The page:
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politicos erga: quis maximam veritatem habeat? July 3, 2008

Posted by The Truth in Im Allgemeinen.
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On today’s news, Dr. Vivian Balakrishnan addressed students on the Internet future. And he put his words wisely: read with your brains, not with your eyes. Determining true and false is becoming increasingly difficult with today’s new media, and we have to be more careful with what we read, so we have to be sceptical and be careful.

Bene dicebat! I agree wholeheartedly with him. It remains to see, though, what is right and what is wrong. Indeed, what do our politicians think to be right? Without a second body of power to check them, the PAP has enjoyed a monopoly of the Singaporean parliament, and, indeed, Singapore. In the process of that, we have seen the ideals which propelled this party into power become slowly eroded.

A diversity of views did not always end up in a ‘fundamental truth’. New media allows wrong ideas to be reinforced, he said.

Did the old media allow the right ideas to be reinforced? What is, here, right? Economical prosperity would be right in the eyes of the politicians. But is working until ‘as long as you wish’ (read: an euphemism for ‘as long as you must’), today’s materialistic culture, political apathy, the reality not agreeing with what is being told to us – is this the right idea which the old media has manage to produce so far? Apart from work ethic and the cruel truth that Singapore is dog-eat-dog, as it is becoming in most places, have all the right ideas come about? Are ‘fundamental truths’ only the truths told to us by those who have power?

No wonder Socrates was executed. Is it possible that through the diversity of views, a better truth can be reached than what has been sold to us as ‘fundamental?’ I don’t think the Government has the best truth, or the fundamental truth. Or perhaps it does have the fundamental truth, but this fundamental truth is one which undermines the very truth of our existence – our humanity. This ‘fundamental’ truth can be summarised as such:

As little pain and as much pleasure as possible. Small pains are worth tolerating for the greater pleasure.

But how many have achieved this greater pleasure? Is it not right for us to use discourse to attempt to find a better truth? The truth cannot be fundamental if what it says is measured in relative terms – with greater pleasure, i want still greater pleasure. And i want even lesser pain. How can this profess to be ‘fundamental,’ when there isn’t an end? Of course, we set the ‘end.’ But with the rising costs of living, when will there be an end?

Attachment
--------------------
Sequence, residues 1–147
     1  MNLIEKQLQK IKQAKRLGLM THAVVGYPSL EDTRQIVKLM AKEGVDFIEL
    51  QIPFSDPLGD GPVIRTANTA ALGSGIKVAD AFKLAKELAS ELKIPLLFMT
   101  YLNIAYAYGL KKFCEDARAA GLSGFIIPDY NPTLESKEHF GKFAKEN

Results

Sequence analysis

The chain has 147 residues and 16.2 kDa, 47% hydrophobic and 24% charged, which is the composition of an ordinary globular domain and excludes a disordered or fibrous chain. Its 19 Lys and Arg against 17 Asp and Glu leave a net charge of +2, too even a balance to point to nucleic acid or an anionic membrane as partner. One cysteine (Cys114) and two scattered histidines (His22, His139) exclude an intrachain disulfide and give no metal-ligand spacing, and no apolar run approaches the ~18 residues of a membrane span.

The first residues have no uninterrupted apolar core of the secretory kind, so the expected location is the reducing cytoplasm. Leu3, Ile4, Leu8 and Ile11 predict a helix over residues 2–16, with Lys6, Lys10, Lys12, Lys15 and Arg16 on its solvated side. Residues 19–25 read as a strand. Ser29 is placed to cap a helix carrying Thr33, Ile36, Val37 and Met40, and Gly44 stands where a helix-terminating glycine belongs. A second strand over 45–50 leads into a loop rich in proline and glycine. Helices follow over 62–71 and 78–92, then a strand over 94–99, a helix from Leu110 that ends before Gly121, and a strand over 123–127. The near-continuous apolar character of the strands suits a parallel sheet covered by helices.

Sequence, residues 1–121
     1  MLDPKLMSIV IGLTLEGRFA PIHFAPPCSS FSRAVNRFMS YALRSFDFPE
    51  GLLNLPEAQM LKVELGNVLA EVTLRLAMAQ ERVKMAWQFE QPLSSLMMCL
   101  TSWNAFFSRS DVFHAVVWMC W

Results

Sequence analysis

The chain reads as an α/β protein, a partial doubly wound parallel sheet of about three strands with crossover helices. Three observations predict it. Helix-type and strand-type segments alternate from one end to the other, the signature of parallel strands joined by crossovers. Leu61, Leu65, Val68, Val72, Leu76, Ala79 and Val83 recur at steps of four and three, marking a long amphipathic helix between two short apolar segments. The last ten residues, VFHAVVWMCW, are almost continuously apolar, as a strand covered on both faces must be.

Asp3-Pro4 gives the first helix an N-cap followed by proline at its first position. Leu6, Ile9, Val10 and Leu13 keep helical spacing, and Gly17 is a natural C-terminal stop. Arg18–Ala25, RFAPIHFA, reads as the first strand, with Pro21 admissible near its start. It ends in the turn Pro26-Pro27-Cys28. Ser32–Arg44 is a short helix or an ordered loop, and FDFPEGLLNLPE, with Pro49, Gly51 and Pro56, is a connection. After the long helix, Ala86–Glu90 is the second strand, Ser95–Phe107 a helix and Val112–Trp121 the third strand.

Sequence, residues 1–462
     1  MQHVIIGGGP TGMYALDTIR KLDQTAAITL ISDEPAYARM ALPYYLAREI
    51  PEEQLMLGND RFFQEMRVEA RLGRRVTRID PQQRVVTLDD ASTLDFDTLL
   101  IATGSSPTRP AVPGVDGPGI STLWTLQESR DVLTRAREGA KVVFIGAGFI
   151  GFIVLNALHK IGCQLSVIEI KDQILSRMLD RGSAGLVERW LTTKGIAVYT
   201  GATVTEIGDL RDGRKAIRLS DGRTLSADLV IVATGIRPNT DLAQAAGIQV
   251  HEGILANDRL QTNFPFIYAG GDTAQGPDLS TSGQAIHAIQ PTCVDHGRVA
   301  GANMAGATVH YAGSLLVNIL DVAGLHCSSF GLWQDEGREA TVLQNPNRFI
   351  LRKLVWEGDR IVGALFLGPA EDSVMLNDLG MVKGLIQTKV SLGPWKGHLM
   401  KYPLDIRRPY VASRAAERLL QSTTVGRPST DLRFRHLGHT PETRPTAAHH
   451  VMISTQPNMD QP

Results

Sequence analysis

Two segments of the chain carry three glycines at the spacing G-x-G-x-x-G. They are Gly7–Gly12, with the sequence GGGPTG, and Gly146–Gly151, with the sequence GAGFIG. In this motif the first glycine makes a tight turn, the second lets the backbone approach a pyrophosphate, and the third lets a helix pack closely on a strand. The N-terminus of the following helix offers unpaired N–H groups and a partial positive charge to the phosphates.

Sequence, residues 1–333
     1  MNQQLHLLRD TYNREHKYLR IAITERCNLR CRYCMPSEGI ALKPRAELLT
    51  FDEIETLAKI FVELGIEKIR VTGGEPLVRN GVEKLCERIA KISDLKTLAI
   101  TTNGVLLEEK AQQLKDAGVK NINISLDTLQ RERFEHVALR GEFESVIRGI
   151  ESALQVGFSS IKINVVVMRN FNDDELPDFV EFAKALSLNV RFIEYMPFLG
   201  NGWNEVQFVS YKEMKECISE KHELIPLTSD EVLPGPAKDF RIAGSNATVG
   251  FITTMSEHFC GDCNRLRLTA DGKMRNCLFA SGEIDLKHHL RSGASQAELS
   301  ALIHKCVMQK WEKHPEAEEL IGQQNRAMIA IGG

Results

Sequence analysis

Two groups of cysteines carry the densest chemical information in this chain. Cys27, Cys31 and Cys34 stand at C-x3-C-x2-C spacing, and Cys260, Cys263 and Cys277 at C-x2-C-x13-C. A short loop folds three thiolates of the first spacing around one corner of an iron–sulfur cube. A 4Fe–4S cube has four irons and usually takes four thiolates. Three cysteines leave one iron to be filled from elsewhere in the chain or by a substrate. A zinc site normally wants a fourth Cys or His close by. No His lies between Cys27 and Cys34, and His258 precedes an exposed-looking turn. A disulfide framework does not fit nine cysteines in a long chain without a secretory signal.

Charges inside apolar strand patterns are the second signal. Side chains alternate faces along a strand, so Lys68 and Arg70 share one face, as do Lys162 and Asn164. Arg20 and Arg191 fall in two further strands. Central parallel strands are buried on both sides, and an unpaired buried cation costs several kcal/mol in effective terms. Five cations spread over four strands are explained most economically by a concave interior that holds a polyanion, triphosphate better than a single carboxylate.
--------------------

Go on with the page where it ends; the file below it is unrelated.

Dr. Balakrishnan also turned against the net, especially those who do ‘outrageous things’:

It also raises the pitch of political discourse owing to perceived anonymity online. ‘Because you think you are not revealing yourself, a lot of people on the Internet engage in what I call virtual shouting.

‘They want to gain attention and the best way…is to say something crazy, outrageous, scandalous, maybe even defamatory,’ he said. ‘It is a world in which more heat than light is generated.’

Of course, there are people who say defamatory things. But i wonder what he means by ‘crazy, outrageous, scandalous.’ Words like that are so broadly defined that almost anything could belong to these categories. In effect, we could be those generating more heat than light. ‘Light’ is also an interesting metapher…i find it interesting that he would say that whatever we say could bring no information, or his so-called ‘light.’ Are we that stupid? Perhaps this is a well-disguised way of saying that Internet discourse is just so much hot air. There are people who do that, but they are in the minority. But with light must come heat, and we have to tolerate them, in that we know what doesn’t matter and what does. We were given the education, and we’re putting it to good use. Warning top students that ‘the Net has more heat than light’ would mean that the Net is populated by barbarians waiting to eat you. How true is that?

‘How many of us bothered to say: ‘Wait, who said it, where was it published, are you sure it’s accurate?’ That whole layer of homework which is needed is not done.’

Indeed, like the misidentification of a certain politician with the wrong political party.

He said the Government had no problems with it: ‘There is no dirty little secret which the PAP is trying to hide from its people and that’s why the Government is actually very comfortable with new media.

Being comfortable with new media doesn’t mean that selection doesn’t take place. It’s just that you won’t get to know what the dirty little secret is about. What they are confident with is marketing themselves, presenting us their truth, which they take to be fundamental and unsurpassable. But is it? Can we shed light? Or is our light taken to be heat?

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